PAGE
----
Di Nolli (coming forward): It’s all right. It’s all right. That’s what we’ll do!

(Turning towards Berthold): Here you, go and call one of those fellows!

Berthold: At once!


Donna Matilda: But first of all we’ve got to pretend that we are going away.

Di Nolli: Exactly! I’ll see to that…

(to Belcredi) you don’t mind staying here?

Belcredi (ironically): Oh, no, I don’t mind, I don’t mind!…

Di Nolli: We must look out not to make him suspicious again, you know.

Belcredi: Oh, Lord! He doesn’t amount to anything!

Doctor: He must believe absolutely that we’ve gone away.

Landolph followed by Berthold enters from the right.

Landolph: May I come in?

Di Nolli: Come in! Come in! I say – your name’s Lolo, isn’t it?

Landolph: Lolo, or Landolph, just as you like!

Di Nolli: Well, look here: the doctor and the Marchioness are leaving, at once.

Landolph: Very well. All we’ve got to say is that they have been able to obtain the permission for the reception from His Holiness. He’s in there in his own apartments repenting of all he said – and in an awful state to have the pardon!

Would you mind coming a minute?… If you would, just for a minute… put on the dress again…

Doctor: Why, of course, with pleasure…

Landolph: Might I be allowed to make a suggestion? Why not add that the Marchioness of Tuscany has interceded with the Pope that he should be received?

Donna Matilda: You see, he has recognized me!

Landolph: Forgive me… I don’t know my history very well. I am sure you gentlemen know it much better! But I thought it was believed that Henry IV had a secret passion for the Marchioness of Tuscany.

Donna Matilda (at once): Nothing of the kind! Nothing of the kind!

Landolph: That’s what I thought! But he says he’s loved her… he’s always saying it… And now he fears that her indignation for this secret love of his will work him harm with the Pope.

Belcredi: We must let him understand that this aversion no longer exists.

Landolph: Exactly! Of course!

Donna Matilda (to Belcredi): History says – I don’t know whether you know it or not – that the Pope gave way to the supplications of the Marchioness Matilda and the Abbot of Cluny. And I may say, my dear Belcredi, that I intended to take advantage of this fact – at the time of the pageant – to show him my feelings were not so hostile to him as he supposed.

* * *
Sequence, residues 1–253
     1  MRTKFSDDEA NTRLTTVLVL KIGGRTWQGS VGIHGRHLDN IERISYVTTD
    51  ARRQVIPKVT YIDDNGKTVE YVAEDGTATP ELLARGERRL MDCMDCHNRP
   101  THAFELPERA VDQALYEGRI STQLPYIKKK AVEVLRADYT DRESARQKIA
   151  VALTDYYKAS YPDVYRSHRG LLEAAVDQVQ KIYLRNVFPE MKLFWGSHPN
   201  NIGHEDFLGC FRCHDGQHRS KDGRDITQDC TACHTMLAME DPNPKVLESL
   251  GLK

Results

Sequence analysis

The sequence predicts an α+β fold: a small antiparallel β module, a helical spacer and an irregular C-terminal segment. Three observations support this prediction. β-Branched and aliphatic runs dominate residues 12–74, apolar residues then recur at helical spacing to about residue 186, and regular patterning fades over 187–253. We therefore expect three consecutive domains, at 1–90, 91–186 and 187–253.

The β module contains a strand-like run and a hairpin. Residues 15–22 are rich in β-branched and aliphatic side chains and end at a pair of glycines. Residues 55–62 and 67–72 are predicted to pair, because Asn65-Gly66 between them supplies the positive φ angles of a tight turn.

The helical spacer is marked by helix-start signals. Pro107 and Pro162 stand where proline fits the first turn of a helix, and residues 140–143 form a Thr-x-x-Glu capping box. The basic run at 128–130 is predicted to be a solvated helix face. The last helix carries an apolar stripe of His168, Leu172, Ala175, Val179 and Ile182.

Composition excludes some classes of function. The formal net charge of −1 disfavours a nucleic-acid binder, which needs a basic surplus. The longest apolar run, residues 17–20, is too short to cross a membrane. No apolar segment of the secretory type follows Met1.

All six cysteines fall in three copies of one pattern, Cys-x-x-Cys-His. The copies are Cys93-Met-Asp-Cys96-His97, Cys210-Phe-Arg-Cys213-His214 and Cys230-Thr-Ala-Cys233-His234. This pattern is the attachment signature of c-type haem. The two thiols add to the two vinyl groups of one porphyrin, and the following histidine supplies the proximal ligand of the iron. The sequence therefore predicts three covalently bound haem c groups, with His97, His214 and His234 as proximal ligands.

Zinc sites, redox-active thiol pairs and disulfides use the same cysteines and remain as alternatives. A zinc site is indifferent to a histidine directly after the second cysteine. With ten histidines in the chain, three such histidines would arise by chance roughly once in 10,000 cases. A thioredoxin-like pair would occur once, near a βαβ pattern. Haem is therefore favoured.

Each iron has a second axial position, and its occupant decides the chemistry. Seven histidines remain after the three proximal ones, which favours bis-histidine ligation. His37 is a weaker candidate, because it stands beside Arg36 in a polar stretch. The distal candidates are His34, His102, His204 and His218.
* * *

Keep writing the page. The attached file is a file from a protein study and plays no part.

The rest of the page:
Belcredi: You are most faithful to history, Marchioness…

Landolph: Well then, the Marchioness could spare herself a double disguise and present herself with Monsignor (indicating the doctor) as the Marchioness of Tuscany.

Doctor (quickly, energetically): No, no! That won’t do at all. It would ruin everything. The impression from the confrontation must be a sudden one, give a shock! No, no, Marchioness, you will appear again as the Duchess Adelaide, the mother of the Empress. And then we’ll go away. This is most necessary: that he should know we’ve gone away. Come on! Don’t let’s waste any more time! There’s a lot to prepare.

Exeunt the doctor, Donna Matilda, and Landolph, right.

Frida: I am beginning to feel afraid again.

Di Nolli: Again, Frida?

Frida: It would have been better if I had seen him before.

Di Nolli: There’s nothing to be frightened of, really.

Frida: He isn’t furious, is he?

Di Nolli: Of course not! he’s quite calm.

Belcredi (with ironic sentimental affectation): Melancholy! Didn’t you hear that he loves you?

Frida: Thanks! That’s just why I am afraid.

Belcredi: He won’t do you any harm.

Di Nolli: It’ll only last a minute…

Frida: Yes, but there in the dark with him…

Di Nolli: Only for a moment; and I will be near you, and all the others behind the door ready to run in. As soon as you see your mother, your part will be finished…

Belcredi: I’m afraid of a different thing: that we’re wasting our time…

Di Nolli: Don’t begin again! The remedy seems a sound one to me.

Frida: I think so too! I feel it! I’m all trembling!

Belcredi: But, mad people, my dear friends – though they don’t know it, alas – have this felicity which we don’t take into account…